Thinking Outside the Plate to Tell Stories: Projection Mapping Brings Dining to Life

| By Editorial Staff

Dining as a form of entertainment isn’t anything new. The go-to first date is dinner and a movie. 50-year marriages are built on early-bird specials at the local restaurant. With so much history associated with eating out, you’d think it’d be nearly impossible to introduce something completely new and disruptive to this world.

Think again.

Using modern 3D projection mapping techniques, and harnessing people’s desire to be entertained, two artists have created a way to tell stories at the dinner table like never before.

The artistic work of Skullmapping

Filip Sterckx and Antoon Verbeek are the men behind Skullmapping, the small artistic collective that created Le Petit Chef – projection mapping that’s played out right on your dinner plate.

Using a combination of 3D animation and motion capture, Skullmapping tells the true story behind the diner’s prepared meal. It all begins with the chef, of course. Our little chef enters the scene through a “hole” in the diner’s table. He then makes his way to the dinner plate, which will serve as the canvas for his artwork.

Using both sights and sounds, projectors positioned overhead transform a seemingly average restaurant table into an entertainment center. Diners watch in awe as their plates turn into a grill, which the chef sets aflame to get his meal started. He then gets to work adding the necessary ingredients for his masterpiece: he has to cut down a broccoli tree (with a chainsaw) and pull a carrot from the ground, all to ensure his guests get only the freshest ingredients.

Of course, as with any good story, our beloved chef runs into some obstacles on his way toward achieving his goal. Take, for example, the nagging flies looking to spoil the food he’s preparing. In retaliation, the chef swats at the flies with an oversized fork, only to accidentally spill the canister of lighter fluid right into grill.

What happens next, well, you’ll have to see for yourself.

Entertainment for the modern age

Diners can’t help but become fully engaged by this unfolding, modern-age story. It not only helps pass the time before the real meal arrives, but it also gets people talking about this unique dining experience.

Innovations like this have such an impact because they’re tailored to a modern audience. Centuries ago, dining entertainment came in the form of jesters, musicians, and stage performances. But as we continue to merge the digital and real worlds, the modern-day consumer demands experiences aligned with the technological landscape in which we live. While it’s still entertaining to sit down to a meal and listen to a violinist play a tune, it’s not nearly as exciting or unexpected as watching your table come to life right before your very eyes.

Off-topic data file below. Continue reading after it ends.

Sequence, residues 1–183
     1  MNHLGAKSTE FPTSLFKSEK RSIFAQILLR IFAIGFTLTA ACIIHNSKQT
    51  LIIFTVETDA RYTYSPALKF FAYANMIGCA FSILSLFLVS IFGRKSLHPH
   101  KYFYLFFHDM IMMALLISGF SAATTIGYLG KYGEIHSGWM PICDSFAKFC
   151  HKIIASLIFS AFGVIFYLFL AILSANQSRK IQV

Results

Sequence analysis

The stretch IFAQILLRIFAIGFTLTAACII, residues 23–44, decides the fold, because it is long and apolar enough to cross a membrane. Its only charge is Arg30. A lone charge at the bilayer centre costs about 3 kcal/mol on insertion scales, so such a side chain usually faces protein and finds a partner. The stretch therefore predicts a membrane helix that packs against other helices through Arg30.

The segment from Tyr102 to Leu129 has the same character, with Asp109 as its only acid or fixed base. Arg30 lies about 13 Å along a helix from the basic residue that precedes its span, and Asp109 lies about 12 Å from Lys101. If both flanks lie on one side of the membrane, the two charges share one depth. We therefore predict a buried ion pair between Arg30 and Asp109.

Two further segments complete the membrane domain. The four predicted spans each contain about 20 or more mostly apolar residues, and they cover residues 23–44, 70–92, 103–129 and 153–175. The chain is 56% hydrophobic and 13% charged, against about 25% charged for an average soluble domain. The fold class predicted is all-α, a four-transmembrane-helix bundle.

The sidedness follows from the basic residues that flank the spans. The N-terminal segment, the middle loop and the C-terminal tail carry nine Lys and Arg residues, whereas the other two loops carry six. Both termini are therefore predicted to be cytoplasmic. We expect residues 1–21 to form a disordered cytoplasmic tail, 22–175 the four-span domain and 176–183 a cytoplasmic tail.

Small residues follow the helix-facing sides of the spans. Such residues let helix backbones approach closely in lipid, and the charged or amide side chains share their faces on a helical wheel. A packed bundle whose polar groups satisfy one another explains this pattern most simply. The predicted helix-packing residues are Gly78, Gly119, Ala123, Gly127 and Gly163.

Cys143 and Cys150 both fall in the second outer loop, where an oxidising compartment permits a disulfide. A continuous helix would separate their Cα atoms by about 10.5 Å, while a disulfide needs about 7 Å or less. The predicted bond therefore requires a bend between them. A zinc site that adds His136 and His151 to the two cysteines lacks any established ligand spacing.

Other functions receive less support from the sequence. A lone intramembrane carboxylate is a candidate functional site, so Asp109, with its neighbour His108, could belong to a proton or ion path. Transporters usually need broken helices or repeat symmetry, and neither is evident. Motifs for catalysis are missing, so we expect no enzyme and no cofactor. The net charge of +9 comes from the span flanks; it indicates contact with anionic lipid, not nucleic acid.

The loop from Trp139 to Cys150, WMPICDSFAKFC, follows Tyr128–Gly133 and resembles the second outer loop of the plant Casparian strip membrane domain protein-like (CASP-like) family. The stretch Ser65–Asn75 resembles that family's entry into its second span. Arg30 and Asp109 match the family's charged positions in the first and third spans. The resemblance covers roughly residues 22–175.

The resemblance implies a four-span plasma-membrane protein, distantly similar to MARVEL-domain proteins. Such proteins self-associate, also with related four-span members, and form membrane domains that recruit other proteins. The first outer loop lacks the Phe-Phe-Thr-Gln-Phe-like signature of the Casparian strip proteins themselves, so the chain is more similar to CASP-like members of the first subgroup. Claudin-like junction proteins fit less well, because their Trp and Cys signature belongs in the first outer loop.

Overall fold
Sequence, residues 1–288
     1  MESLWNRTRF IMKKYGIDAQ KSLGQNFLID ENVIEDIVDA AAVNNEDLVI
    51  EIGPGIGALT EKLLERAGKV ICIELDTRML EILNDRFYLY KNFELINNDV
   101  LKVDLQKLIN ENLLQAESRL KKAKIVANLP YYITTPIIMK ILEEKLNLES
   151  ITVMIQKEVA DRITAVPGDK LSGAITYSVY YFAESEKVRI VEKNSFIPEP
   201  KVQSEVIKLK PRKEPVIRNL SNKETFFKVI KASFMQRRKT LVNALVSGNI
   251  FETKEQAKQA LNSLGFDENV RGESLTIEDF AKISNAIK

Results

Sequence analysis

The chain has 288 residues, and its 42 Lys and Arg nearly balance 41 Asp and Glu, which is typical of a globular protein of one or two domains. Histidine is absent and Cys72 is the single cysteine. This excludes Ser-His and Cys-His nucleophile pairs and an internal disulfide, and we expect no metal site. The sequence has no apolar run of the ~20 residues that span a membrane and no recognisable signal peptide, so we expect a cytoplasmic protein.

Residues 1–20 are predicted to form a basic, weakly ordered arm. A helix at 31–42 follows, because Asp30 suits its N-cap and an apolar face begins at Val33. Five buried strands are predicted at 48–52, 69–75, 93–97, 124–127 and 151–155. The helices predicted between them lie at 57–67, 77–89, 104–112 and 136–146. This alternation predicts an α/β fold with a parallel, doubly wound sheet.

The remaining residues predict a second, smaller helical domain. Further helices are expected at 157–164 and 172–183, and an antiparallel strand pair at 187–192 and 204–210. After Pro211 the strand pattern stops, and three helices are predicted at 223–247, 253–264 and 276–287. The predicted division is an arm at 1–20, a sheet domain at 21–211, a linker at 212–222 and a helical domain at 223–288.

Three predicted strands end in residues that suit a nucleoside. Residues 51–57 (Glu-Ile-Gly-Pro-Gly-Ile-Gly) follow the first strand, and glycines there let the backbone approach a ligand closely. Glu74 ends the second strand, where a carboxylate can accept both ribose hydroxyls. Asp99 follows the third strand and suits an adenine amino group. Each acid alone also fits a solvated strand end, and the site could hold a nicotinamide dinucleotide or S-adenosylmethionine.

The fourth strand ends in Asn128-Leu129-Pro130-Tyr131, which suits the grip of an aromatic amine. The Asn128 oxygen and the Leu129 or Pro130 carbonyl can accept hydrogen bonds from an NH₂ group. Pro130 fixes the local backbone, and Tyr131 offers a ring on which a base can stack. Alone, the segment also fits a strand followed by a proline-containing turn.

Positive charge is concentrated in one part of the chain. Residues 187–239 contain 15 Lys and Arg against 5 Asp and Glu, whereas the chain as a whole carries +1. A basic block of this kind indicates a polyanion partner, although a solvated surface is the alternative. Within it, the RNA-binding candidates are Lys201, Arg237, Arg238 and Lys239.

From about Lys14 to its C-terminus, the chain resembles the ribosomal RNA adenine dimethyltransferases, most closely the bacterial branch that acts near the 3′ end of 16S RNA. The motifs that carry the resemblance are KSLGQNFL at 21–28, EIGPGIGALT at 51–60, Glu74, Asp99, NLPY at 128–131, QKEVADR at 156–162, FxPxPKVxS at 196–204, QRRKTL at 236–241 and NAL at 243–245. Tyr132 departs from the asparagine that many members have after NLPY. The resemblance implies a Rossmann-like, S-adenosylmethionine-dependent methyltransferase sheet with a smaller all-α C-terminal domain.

The power and draw of projection mapping

Skullmapping’s Le Petit Chef isn’t the first time we’ve seen projection mapping at work. Across the globe, innovative minds are finding intriguing ways to use this type of technology to capture our attention and stimulate our senses.

Take, for example, Prague’s Astronomical Clock. When it turned 600, The Macula and Tomato Productions created a projection mapping project to celebrate the clock’s history. Displaying their work right on the historic relic, the story begins with the original architect’s plans, charts the construction of the clock, and highlights key moments in Prague’s history.

The result is a multimedia spectacle that’s part documentary, part artistry, and certainly a sign of the future of storytelling.

The fate of storytelling – more than words

It’s no secret that print journalism is all but dead. But even sales of print books are lagging. This isn’t because audiences are averse to reading; they just want something more than words on a page.

Projection mapping provides that opportunity to engage the modern-day consumer. It can be used for just about anything, from offering a unique selling point for a restaurant to becoming an integral part of a marketing campaign.

Technological advances are making it possible for innovators to create full sensory experiences, and projection mapping is an example of this type of storytelling at work. And this technology isn’t overly expensive or hard to access. Skullmapping, for example, has been taking orders to create customized projection mapping experiences for restaurants across the globe.

In a competitive climate where everyone’s shouting to get heard, it’s the most innovative, and creative-minded folks who’ll turn heads. Le Petit Chef is a fantastic example of how two independent artists thought outside the plate to recreate the dining experience.